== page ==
|Columbia University Archives|
At a Glance
This collection is arranged into one series: Series I. Biographical records, 1926-1927.
This collection consists of the replies to the 1926 Biographical and Professional Record questionnaire. In addition to the completed 8-page survey forms, many respondents included typed or handwritten accounts of their work history. On the front page of questionnaire, the office staff noted the date the response was received (from April 1926 to September 1927). The degree(s) and class year(s) of the student/respondent are entered on the top right corner (from members of the Class of 1869 to 1927). The forms are organized alphabetically by the last name of the former engineering student and are then bound into 9 volumes.
Using the Collection
Rare Book and Manuscript Library
Restrictions on Access
This collection has no restrictions.
This collection is located on-site.
Terms Governing Use and Reproduction
Single photocopies may be made for research purposes. The RBML maintains ownership of the physical material only. Copyright remains with the creator and his/her heirs. The responsibility to secure copyright permission rests with the patron.
Identification of specific item; Date (if known); School of Engineering Biographical records; Volume; University Archives, Rare Book and Manuscript Library, Columbia University Library.
No additions are expected
About the Finding Aid / Processing Information
Columbia University Libraries, Rare Book and Manuscript Library
Papers processed JMR March 2018.
2018-03-28 File created.
2019-05-20 EAD was imported spring 2019 as part of the ArchivesSpace Phase II migration.
History / Biographical Note
Biographical / Historical
In 1926 the Society for the Promotion of Engineering Education led a study of engineering education, financed by a grant from the Carnegie Corporation. The Society felt changes were under way in the practice of engineering that needed to be addressed in the education of future engineers. At Columbia a Faculty Committee was appointed to operate in this study and decided to focus on the School's engineering alumni, their work and needs. The Engineering School's Alumni Association was also interested in securing the data for a new edition of the Alumni List and Professional Record (last issued in 1912). And the same data would also be of value to the University Committee on General Catalogue for compiling the next alumni register. These three committees combined forces to finance a comprehensive questionnaire addressed to the engineering alumni. The questionnaire was mailed to all graduates and former students of the engineering schools: School of Mines, Engineering and Chemistry.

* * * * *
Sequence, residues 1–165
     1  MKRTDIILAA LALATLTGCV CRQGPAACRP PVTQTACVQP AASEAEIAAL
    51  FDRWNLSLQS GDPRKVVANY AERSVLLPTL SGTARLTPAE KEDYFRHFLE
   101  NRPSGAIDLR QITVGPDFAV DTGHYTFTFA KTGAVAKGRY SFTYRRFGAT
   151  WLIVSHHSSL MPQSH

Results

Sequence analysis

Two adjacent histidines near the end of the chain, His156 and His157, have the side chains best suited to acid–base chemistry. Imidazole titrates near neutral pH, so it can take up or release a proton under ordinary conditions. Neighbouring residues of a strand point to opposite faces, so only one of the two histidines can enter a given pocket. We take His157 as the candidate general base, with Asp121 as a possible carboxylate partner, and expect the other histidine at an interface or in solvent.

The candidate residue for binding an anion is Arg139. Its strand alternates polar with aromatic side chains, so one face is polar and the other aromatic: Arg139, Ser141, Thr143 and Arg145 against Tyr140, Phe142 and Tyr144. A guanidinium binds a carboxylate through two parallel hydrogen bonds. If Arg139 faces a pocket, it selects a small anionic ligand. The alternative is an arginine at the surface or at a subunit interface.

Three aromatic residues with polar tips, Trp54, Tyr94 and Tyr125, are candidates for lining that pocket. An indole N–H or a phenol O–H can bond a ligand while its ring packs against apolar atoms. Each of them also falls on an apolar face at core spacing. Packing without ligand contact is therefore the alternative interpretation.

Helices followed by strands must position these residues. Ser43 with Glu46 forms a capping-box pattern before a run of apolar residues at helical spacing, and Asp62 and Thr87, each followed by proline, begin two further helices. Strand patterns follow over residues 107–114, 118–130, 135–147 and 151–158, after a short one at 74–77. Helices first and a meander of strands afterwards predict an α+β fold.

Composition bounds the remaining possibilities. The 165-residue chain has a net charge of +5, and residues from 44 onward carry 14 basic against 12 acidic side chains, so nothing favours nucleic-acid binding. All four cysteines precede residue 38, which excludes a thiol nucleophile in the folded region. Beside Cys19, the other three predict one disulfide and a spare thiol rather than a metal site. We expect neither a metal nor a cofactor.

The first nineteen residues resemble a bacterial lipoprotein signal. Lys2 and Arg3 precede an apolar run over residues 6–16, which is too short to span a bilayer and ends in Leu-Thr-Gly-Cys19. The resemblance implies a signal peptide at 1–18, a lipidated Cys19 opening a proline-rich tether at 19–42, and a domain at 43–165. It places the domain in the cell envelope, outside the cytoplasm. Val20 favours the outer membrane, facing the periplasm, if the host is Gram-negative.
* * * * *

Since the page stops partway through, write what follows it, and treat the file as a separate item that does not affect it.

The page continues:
The questionnaire asked for biographical information and a professional record. The biographical section asked about education (high school, college and professional courses and degrees) and their college record (athletics, publications, societies, class offices). It also included fields for publications, memberships in engineering or other societies connected with business, membership in clubs or social organizations, and even a record of activities in relation to government and public life.
For the professional record, the questionnaire was comprehensive, including such questions as when the student decided to pursue engineering, how they obtained their first position after graduation, did they maintain an interest in "liberal" study, whether or not they have found it necessary to study after graduation, how satisfied they are with their current position and/or prospects. It also asked for constructive criticism and judgment of the curricula and requirements. Respondents were asked to complete a work history to their current position, including years, character of work, field of work, organization and notable achievements for each entry.
About 3,500 questionnaires were sent to graduate and former students and yielded 1,203 replies. According to the preliminary findings reported by Dean George B. Pegram to the Trustees in the 1927 Annual Report, 94% of the former students liked engineering work, 6% disliked it. Only 6% were sorry they studied engineering and 65% were in favor of liberal arts college work before entering the engineering school. There were strong opinions that there should be more emphasis in the curriculum on business and economics. The Columbia results, reported Pegram, were in line with those at other schools in the study by the Society for the Promotion of Engineering Education. The alumni catalogue was published by the Alumni Federation of Columbia University, cooperating with the Alumni Association of the Schools of Mines, Engineering and Chemistry, and the Committee on General Catalogue in 1928.